To the Editor:
To get companies to expand or relocate in Rhode Island, the state and local communities usually give these companies tax breaks or low interest loans. In addition, some states, to increase the number of shoppers at local businesses, significantly lower their sales tax rates on certain days of the year. I think that Rhode Island should redesign its tax code to take advantage of the above strategies.
First, to draw more shoppers to Rhode Island's business outlets, Rhode Island should lower its present sales tax rate from 7% to 3% and put a 3% sales tax on clothing items. This new 3% sales tax on clothing would not be onerous on low-income families because of the 4% reduction of the present state sales tax rate. Because of the high price of gasoline, driving to Massachusetts’s stores would not produce a significant savings on clothing costs.
This new sales tax policy would greatly increase the number of shoppers at all of Rhode Island's business outlets. Business profits would increase, business employment would increase, sales tax revenue would increase and income tax revenue would increase.
To give all businesses in Rhode Island a significant reduction in their property taxes, I would have the state pay the salaries and benefits of all public school employees in Rhode Island. State broad-based taxation is the fair way to pay for the services of these employees. To accomplish this goal, 50 pecent of all meal tax revenue, hotel room tax revenue and gambling revenue should be dedicated to fund Rhode Island's public education costs.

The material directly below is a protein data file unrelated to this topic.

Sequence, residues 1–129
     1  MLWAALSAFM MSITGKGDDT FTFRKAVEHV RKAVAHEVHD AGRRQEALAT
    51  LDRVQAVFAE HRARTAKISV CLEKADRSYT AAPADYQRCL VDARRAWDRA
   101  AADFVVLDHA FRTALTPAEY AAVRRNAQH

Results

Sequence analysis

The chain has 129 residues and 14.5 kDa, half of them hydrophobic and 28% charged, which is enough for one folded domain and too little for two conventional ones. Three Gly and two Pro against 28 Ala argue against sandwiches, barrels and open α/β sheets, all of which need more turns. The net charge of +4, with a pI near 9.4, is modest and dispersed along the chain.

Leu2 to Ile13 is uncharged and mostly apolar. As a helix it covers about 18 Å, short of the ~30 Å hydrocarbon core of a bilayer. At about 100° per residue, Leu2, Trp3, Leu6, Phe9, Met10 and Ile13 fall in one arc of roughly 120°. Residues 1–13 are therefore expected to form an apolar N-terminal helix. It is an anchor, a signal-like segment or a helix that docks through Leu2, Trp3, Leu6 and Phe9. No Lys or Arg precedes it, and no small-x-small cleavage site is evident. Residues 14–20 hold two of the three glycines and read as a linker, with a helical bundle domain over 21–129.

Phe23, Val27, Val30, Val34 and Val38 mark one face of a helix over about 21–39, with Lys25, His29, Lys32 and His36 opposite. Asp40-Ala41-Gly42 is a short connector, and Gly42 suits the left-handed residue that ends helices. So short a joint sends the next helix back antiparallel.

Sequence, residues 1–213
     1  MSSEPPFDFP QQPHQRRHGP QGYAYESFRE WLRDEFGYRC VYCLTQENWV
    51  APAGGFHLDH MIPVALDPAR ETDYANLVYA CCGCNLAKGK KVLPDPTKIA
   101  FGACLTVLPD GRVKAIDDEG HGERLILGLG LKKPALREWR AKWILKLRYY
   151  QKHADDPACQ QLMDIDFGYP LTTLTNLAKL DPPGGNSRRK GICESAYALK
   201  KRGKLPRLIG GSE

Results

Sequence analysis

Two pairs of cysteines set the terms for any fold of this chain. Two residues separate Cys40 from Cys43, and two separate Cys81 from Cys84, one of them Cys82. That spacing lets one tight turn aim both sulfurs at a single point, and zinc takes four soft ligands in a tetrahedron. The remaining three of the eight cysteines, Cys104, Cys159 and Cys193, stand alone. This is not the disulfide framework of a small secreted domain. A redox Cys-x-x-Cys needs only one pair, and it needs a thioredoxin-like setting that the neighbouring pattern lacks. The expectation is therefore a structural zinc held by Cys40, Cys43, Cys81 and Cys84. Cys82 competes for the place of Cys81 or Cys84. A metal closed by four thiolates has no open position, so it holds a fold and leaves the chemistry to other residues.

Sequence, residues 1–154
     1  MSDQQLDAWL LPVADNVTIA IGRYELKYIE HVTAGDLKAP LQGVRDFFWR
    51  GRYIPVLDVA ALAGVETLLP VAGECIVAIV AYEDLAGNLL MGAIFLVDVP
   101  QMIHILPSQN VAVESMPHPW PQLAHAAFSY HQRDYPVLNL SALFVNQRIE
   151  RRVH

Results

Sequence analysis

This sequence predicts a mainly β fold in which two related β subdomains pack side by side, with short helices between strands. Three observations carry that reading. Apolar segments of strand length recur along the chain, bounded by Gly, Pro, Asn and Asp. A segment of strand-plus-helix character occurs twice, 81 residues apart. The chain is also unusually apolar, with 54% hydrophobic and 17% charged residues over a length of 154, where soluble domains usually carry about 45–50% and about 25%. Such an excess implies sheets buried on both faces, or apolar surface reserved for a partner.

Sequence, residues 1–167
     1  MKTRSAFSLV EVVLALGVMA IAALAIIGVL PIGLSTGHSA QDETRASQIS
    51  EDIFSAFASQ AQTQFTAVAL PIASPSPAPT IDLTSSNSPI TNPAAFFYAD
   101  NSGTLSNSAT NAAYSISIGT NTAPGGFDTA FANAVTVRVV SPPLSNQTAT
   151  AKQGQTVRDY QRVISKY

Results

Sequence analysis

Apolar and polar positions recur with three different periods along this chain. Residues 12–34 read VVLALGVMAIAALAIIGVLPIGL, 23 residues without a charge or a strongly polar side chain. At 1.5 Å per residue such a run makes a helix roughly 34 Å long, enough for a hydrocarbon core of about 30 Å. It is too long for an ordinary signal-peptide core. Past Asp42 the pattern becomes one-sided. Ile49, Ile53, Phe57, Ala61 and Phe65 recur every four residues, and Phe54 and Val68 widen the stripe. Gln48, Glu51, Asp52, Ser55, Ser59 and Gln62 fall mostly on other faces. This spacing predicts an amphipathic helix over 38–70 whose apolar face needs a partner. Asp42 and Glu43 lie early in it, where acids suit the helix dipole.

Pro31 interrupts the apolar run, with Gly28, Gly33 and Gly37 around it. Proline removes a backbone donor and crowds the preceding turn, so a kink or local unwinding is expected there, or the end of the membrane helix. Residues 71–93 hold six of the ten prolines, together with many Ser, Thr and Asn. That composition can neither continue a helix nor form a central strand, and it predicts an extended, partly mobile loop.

Because of this strategy, every local community in Rhode Island would be able to significantly lower their property taxes. Many businesses would expand and many new businesses would relocate in these communities to take advantage of these new low property taxes. Many well-paying jobs would be created. This business expansion would lead to a huge increase in Rhode Island's income tax revenue.
Property tax relief would also provide all of Rhode Island's homeowners with access to hundreds, if not thousands, of dollars each year that they could spend on goods and services. This would further increase Rhode Island's sales tax revenue.
Lastly, low property taxes would increase the demand for homes in Rhode Island. More money would be available to meet the monthly mortgage payments and more money would be available to make any needed repairs. Many more people would be able to meet the requirements of the various lending institutions. This tax policy would begin to end Rhode Island's housing crisis.